Hello friends! I’m here today with a free crochet blanket pattern for you! If you are a beginner who grasps the basics and are ready to learn a new stitch, then this blanket is for you! The texture on this blanket is ah-mazing, truly! Whether you’re making it in a baby blanket size, or as a full throw for a housewarming gift, or maybe you just need something just for you, this blanket is beautifully textured, cozy warm, and oh so pretty.
The story behind this blanket is actually kind of funny. When Lion Brand Yarn released their new Color Made Easy line of yarn, a category 5 bulky yarn, I knew I needed to get my hands on some. I swear I stood in front of the display at my local Michael’s for WAY too long playing with different color combinations. And you guys, it was soooo amazing to work with. It’s super soft, and super snuggly, and there are so many color options and combinations to choose from! Each skein is a generous 247 yds / 226 m, so there’s a lot of bang for your buck. You need to check it out! And if you are like me and stocked up when Michael’s had it all on sale, then even better!
Finally having decided my colors, I bought 2 skeins of each, and then I was off to start making a new throw for myself. I knew that this yarn would really show off stitch definition, and I wanted something with texture, so I hit the books — my crochet stitch books that is — and got started. It was going well, until I realized that for the size I ended up making, I needed 2 more skeins of a fifth color.
After getting almost all the way done with the blanket, finishing up the 9th of 10 skeins, I really didn’t care for the color sequence. The transition between the Huckleberry and Pomegranate colors wasn’t right to me, so….I frogged. the. whole. thing. Because of course, the pomegranate would have been better suited to start the blanket instead of the Avocado colorway.
You guys, IT HURT to frog back that much work, but if a job is worth doing, it’s worth doing right, and if you haven’t figured this out about me yet, I’m too Type A to half-ass it. So I was back to square one, but I was also determined.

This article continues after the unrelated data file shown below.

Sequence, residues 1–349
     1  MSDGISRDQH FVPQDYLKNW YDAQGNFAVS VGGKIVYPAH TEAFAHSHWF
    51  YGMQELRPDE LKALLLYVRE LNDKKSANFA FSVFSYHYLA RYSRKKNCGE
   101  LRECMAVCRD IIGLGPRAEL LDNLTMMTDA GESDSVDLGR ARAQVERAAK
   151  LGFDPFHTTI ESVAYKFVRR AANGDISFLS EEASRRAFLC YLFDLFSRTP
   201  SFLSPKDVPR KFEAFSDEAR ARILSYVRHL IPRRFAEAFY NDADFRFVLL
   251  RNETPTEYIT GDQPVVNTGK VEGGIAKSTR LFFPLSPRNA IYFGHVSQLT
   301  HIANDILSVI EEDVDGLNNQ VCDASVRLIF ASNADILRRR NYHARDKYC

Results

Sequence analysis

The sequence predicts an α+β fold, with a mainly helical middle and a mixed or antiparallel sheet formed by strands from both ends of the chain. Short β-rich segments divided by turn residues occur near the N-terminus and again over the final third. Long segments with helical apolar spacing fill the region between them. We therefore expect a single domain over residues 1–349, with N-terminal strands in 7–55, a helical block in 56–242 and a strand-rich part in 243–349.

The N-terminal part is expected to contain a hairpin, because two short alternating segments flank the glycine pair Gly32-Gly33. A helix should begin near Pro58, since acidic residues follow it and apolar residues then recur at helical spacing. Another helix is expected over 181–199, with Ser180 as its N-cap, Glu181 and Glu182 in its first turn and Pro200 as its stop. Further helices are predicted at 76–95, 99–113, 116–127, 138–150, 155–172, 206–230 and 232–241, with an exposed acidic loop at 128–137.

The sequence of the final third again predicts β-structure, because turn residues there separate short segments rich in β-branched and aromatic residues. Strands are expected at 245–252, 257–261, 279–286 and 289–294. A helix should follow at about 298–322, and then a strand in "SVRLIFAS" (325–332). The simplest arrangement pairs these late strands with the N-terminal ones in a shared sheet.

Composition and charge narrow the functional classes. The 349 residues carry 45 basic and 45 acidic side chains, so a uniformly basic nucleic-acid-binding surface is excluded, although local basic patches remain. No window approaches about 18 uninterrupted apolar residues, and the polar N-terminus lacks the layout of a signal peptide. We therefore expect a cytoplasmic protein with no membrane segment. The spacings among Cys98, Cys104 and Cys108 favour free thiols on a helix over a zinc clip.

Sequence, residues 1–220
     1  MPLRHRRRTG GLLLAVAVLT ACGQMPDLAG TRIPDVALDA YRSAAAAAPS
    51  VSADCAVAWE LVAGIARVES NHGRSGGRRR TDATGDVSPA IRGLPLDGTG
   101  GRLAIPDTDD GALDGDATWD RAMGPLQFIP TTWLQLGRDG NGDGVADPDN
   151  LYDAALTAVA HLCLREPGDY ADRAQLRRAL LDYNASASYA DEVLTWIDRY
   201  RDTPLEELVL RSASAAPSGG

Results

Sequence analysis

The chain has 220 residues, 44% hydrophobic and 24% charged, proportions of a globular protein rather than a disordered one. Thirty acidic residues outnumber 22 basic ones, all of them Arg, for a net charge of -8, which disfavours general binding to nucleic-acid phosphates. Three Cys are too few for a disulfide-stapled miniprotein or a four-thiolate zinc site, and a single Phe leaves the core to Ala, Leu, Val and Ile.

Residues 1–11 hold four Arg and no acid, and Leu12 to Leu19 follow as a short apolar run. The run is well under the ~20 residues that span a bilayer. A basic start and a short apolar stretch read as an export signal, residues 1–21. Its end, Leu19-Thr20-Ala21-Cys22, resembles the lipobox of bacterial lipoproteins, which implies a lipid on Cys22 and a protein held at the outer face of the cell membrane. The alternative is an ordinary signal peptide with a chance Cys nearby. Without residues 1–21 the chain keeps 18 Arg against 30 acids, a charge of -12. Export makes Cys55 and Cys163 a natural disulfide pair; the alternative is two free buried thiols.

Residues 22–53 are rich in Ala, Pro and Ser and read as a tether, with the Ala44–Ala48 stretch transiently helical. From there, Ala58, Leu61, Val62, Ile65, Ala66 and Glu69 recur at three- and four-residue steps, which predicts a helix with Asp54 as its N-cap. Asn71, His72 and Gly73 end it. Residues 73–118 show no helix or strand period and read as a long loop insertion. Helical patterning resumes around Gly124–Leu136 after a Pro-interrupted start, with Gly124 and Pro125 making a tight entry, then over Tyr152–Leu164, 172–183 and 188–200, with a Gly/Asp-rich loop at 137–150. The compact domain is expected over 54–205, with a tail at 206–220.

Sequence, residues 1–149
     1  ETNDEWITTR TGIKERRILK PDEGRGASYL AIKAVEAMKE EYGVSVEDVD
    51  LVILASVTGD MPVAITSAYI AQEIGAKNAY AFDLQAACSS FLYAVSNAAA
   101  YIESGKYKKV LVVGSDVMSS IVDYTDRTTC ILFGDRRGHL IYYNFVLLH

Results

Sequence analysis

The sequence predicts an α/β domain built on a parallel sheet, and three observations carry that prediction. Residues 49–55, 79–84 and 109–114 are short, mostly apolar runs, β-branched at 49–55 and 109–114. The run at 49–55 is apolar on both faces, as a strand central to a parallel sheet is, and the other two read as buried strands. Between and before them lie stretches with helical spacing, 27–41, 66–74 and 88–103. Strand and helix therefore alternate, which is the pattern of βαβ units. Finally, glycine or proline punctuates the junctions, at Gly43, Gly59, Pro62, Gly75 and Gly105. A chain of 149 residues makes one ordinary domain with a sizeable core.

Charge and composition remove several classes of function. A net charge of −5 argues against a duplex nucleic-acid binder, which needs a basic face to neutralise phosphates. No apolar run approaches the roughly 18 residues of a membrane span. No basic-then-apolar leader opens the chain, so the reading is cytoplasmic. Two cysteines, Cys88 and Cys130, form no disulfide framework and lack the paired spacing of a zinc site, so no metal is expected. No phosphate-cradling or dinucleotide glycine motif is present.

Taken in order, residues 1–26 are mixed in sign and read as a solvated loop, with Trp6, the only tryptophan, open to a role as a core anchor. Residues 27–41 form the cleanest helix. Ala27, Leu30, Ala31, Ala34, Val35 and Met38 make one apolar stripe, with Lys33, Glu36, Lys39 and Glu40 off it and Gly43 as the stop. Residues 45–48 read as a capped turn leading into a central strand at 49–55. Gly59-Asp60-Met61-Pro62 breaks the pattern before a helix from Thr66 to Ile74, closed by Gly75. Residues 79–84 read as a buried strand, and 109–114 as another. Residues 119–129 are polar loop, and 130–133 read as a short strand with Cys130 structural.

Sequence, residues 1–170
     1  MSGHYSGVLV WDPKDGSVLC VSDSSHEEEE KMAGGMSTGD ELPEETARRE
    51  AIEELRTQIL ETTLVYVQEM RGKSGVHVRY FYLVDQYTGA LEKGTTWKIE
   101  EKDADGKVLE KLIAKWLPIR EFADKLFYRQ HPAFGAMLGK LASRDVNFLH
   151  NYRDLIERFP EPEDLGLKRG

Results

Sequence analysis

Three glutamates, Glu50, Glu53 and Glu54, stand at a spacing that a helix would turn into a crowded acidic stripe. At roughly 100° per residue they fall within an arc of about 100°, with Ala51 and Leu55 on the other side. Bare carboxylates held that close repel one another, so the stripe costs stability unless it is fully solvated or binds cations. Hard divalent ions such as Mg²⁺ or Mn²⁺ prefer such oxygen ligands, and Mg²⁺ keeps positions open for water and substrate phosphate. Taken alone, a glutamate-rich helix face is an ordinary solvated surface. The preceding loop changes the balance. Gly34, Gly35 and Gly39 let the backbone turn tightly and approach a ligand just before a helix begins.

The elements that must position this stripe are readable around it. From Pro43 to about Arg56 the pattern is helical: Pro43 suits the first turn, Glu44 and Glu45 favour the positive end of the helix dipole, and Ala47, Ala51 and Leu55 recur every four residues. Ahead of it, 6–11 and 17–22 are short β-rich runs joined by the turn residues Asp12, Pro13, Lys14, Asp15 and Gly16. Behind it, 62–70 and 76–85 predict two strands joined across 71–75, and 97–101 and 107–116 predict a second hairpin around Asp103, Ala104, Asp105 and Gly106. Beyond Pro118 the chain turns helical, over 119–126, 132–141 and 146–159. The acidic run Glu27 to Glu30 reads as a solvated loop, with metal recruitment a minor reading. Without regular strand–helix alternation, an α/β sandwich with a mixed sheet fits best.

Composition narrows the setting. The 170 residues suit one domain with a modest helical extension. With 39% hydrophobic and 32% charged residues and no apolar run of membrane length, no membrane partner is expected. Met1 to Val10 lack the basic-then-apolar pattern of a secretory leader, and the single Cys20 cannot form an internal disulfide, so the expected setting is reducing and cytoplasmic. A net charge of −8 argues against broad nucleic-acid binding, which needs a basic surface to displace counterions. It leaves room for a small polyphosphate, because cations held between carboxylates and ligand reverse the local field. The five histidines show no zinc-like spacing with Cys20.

Admittedly, I was considerably slower the second time around, having lost a bit of heart after all that frogging, but I stuck with it, slow but steady. Then one day, as I was finishing up the first skein of Avocado, my oldest son started playing with the balls of yarn mixing up the color sequence I had plotted out. And you know what? He was on to something! So, once again, I changed the color sequence on this blanket. Thankfully though, the decision didn’t require any frogging this time. So it was onward and upward!
When I finished the blanket, I was ecstatic, and decided to share a picture to one of the crochet Facebook groups I’m in (yup, that’s a thing). People LOVED the texture and I was fielding a lot of questions as to the type of stitch I used. So I went back to my book to look up the proper name (I’m terrible at remembering the names assigned to various stitch combinations), and as I was looking again at it, I realized that I did the stitch WRONG….for the WHOLE BLANKET…BOTH times. I mean, come on! I can’t even, with this blanket.
Truth be told, at this point, I wasn’t tearing it out again, and honestly, I loved it too much as it was to do it anyway! I looked for a name for this stitch, asking others with a better memory for stitch names than I have, and no one knew of a stitch. Not that I think I created a stitch or anything, but I knew that I would need to call it SOMETHING if I planned to write a pattern for it. I already had an idea in mind, but I’m notoriously bad at naming patterns, so I asked my oldest son what he would call it. He suggested the Hugs & Kisses Blanket, since the stitch pattern resembled Xs and Os. Since The Hugs and Kisses Blanket was taken as a name, I opted to go with the shortened XOXO Throw instead, short, sweet and to the point. If the blanket was to be the XOXO Throw, then the stitch used had to be called The Kiss Stitch, obviously. 🙂